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New Dwarf Dragon Species Discovered in the Andes

Apr 06, 2015 05:27 PM EDT

(Photo : Pablo J. Venegas)

Scientists have recently discovered three new species of dragon-like woodlizards, dubbed "dwarf dragons," in the Andes of Peru and Ecuador.

And despite the fact that they are some of the largest and most colorful lizards in South American forests, until now, their existence had remained a mystery.

The new species were stumbled upon during recent expeditions to the region known as the Tropical Andes, an area rich in biodiversity. After collecting a variety of specimens, DNA evidence suggested they contained three previously undescribed species of woodlizard. These samples were also compared with those from several natural history museums from a variety of countries, further backing up the findings.

In 2006, only six species of woodlizards had been identified. And now, with this new discovery, the number of known woodlizard species has risen to 15.

"During the last few years we doubled the number of known species of woodlizards, showing that the diversity of these conspicuous reptiles had been underestimated," Omar Torres-Carvajal of Museo de Zoología QCAZ, Ecuador, one of the researchers, said in a press release. "That more than half of the diversity of a group of large, dragon-looking reptiles from South America has been discovered in recent years should be heard by people in charge of conservation and funding agencies."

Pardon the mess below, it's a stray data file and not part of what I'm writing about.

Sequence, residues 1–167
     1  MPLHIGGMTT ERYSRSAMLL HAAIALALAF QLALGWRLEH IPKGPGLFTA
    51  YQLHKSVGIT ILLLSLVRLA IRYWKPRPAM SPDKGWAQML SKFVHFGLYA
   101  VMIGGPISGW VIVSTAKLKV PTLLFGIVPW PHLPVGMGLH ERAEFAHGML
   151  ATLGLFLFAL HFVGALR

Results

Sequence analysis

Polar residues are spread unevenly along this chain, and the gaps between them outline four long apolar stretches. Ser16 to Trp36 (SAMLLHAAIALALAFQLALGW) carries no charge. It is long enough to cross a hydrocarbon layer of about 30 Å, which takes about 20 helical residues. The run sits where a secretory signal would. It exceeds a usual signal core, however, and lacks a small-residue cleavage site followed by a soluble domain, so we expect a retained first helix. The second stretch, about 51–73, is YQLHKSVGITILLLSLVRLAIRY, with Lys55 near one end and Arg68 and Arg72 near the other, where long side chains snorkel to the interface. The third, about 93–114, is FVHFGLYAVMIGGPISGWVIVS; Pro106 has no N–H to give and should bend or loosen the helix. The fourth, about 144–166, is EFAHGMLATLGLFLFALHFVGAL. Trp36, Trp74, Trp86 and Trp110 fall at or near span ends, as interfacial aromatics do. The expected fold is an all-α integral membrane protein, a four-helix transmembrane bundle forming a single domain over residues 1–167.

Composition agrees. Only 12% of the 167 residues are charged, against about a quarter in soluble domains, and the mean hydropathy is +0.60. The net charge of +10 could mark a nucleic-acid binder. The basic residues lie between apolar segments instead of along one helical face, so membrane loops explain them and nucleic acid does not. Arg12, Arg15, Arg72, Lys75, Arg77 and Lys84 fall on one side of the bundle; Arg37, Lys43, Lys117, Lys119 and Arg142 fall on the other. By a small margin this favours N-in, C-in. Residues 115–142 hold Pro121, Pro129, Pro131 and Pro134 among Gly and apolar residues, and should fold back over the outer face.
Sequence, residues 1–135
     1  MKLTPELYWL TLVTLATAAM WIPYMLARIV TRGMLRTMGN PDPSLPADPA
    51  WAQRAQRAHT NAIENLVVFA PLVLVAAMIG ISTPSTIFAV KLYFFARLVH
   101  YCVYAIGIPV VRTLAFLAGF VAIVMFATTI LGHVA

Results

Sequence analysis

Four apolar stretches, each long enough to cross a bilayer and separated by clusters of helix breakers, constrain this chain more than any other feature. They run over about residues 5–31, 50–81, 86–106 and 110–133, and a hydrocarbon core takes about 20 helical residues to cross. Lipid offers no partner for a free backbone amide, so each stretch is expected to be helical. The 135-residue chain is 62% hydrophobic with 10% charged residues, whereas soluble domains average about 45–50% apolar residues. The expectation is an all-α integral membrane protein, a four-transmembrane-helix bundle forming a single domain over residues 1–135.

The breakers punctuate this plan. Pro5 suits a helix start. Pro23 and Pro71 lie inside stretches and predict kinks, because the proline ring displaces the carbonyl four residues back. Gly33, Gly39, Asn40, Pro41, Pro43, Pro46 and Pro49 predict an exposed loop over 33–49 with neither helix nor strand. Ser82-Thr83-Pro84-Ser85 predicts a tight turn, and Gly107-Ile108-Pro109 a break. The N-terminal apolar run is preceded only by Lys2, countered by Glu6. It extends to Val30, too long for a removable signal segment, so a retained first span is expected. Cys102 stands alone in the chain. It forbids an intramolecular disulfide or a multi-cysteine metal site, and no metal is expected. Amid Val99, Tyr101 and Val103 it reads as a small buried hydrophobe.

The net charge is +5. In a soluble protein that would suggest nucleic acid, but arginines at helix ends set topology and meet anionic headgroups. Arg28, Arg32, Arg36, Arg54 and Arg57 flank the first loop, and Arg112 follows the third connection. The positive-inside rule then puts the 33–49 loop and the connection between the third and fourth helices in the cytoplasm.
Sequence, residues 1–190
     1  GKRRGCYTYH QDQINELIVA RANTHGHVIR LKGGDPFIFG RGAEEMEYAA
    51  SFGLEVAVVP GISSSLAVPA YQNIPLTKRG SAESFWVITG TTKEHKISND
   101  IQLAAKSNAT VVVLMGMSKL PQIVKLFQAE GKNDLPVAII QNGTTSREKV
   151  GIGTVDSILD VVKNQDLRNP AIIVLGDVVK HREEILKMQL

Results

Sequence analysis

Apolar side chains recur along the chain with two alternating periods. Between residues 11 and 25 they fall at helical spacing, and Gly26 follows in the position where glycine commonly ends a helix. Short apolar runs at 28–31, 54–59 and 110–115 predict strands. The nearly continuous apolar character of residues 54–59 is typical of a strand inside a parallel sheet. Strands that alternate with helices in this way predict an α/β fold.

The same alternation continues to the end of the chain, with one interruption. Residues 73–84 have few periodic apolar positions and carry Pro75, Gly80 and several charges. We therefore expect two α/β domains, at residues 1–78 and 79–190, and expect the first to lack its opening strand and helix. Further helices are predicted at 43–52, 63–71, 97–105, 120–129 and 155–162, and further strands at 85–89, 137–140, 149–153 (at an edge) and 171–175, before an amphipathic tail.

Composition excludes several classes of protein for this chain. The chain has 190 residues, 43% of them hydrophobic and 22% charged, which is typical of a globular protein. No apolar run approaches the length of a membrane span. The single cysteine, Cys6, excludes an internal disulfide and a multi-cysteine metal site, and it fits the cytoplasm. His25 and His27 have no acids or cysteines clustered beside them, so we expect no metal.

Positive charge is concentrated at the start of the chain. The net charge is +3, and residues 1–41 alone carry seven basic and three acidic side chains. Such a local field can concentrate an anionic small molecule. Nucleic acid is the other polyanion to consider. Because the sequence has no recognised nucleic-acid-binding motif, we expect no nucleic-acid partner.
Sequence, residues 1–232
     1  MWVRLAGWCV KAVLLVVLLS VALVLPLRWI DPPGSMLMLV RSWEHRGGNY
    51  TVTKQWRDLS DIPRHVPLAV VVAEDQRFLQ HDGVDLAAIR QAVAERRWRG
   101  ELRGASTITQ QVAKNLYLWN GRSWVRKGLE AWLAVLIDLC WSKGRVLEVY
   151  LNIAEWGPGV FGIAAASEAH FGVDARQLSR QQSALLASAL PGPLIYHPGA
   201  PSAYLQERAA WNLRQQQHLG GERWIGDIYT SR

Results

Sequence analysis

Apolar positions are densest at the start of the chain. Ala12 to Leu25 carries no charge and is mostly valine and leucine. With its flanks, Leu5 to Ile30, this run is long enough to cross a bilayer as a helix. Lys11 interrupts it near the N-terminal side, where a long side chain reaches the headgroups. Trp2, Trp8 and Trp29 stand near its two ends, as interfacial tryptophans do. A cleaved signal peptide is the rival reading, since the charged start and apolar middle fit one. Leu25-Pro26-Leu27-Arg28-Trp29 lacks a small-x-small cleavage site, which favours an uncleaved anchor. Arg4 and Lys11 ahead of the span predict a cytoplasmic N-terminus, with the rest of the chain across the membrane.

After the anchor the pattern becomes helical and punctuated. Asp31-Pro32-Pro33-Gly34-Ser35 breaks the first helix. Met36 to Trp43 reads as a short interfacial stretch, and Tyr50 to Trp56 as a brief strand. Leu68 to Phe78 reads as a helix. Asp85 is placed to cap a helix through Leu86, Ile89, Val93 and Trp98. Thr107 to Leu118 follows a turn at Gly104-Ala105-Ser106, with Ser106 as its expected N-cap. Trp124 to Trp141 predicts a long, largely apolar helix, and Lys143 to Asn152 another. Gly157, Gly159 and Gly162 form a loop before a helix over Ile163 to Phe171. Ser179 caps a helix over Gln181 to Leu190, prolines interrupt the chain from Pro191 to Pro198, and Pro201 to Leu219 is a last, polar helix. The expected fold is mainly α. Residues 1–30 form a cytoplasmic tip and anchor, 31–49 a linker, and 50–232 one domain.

Woodlizards (Enyalioides) are diurnal, and typically live in lowland tropical rainforests, such as the Chocó and western Amazon basin, and in cloud forests on either side of the Andes. They are often described as "dwarf dragons" due to their probing eyes, richly patterned skin and rows of spikelike scales.

According to Live Science, woodlizards grow to be between 3 and 6 inches (7 to 15 centimeters) long, making them one of the largest lizards in the Amazon rainforest. Despite their large size, their vibrant colors and patterns allow them to blend into the environment.

The three new varieties - called Enyalioides altotambo, Enyalioides anisolepis and Enyalioides sophiarothschildae - differ from their closest relatives in scale arrangement and coloration, as well as their mitochondrial DNA.

This study goes to show that there are many more species on Earth just waiting to be discovered. The newly identified lizards are described in the latest issue of the journal Zookeys.

For more great nature science stories and general news, please visit our sister site, Headlines and Global News (HNGN).

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